Hey, everybody. Drew McLellan here with another episode of Build a Better Agency. Thanks for coming back if you are a regular listener. If this is your first episode, welcome to the show. We’ve been doing this, boy, it’s almost seven years now, so we’ve got plenty of episodes for you to go back and listen to, and hopefully, you’ll enjoy today enough that you’ll come back.
All right, so this episode is one of my solocasts. As you probably know, as the name might suggest, that means it’s just me, so no guest today. I am here just with you talking to you about something that I’ve been chatting with a lot of agency owners about, something that’s on my mind, something that I want to make sure that you are informed about, and so we’re going to do that today, and then I’ll be next week with another guest.
Before I tell you what I want to talk about today, I just want to remind you if you subscribe to our newsletter, you already know this, but I want to remind you that we have added a new workshop. We’ve added a workshop into our calendar. The Mercer Island Group workshop, Sell With Insights, I think it’s maybe our fifth time of running that workshop, and every time we offer it sells out because we cap it at 50 people. The reason why it sells out is because of the results of that workshop. We’ve probably had about, I don’t know, I’m going to say 125 people go through the workshop, so that’s probably maybe a hundred agencies because a lot of people bring a second person. Those hundred agencies have applied what they’ve learned and they collectively have earned and won more than $65 million of new AGI by using what they learned at this workshop. That’s just the ones that tell me about it, so I know that’s only a fraction of what’s happened.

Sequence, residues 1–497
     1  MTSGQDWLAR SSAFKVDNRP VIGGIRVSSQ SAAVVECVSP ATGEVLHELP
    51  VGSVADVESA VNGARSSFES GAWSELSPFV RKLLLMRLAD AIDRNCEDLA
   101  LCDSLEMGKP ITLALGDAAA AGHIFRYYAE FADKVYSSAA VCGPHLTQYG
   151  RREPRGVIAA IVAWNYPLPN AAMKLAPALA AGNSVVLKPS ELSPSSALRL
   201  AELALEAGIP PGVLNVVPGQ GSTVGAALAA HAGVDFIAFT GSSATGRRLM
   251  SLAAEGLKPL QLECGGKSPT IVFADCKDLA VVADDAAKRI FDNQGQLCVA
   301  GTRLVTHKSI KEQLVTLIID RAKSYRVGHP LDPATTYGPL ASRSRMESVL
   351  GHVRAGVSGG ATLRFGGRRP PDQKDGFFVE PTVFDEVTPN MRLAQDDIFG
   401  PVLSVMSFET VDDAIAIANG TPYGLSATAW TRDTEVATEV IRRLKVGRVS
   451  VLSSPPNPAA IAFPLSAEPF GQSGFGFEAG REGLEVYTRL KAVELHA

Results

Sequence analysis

But my point is that many agencies go to this workshop, and within six months or a year land the biggest client in their agency’s history. It sells out for a reason. It is spectacular content. It is practical that you can go back and apply. In fact, we’ve had several people in the workshop who were right in the middle of either an RFP response, or getting ready to do a pitch, and as they were listening on day one, they went back to their hotel room that night and changed their entire deck, or their RFP response based on what they learned, and so I am telling you, this workshop is killer.
I can say that because I don’t contribute a lot to it. I don’t teach it. The folks at Mercer Island Group do. They are just generous and smart. If you want to really goose up your new business game, this would be a great workshop. It’s July 19th and 20th in Chicago. You can register for it online at agencymanagementinstitute.com, just go under the How We Help tab at the top of the website, drop down to workshops, and you’ll see it. You’ll see it there. Again, Sell With Insights, July 19th and 20th, if you really want to accelerate your new business win rate.
All right, enough of that. Let’s talk about the topic of the day. I would say it’s actually the been the topic of the last year and that is employees. Every spring, and depending on where you live, it may not feel like spring right now, but every spring, at all of our live peer groups, I do a report, a trends report, just talking about the things that I’ve been seeing, the things that I’m anticipating, and just trying to give my folks a heads up on where things are going.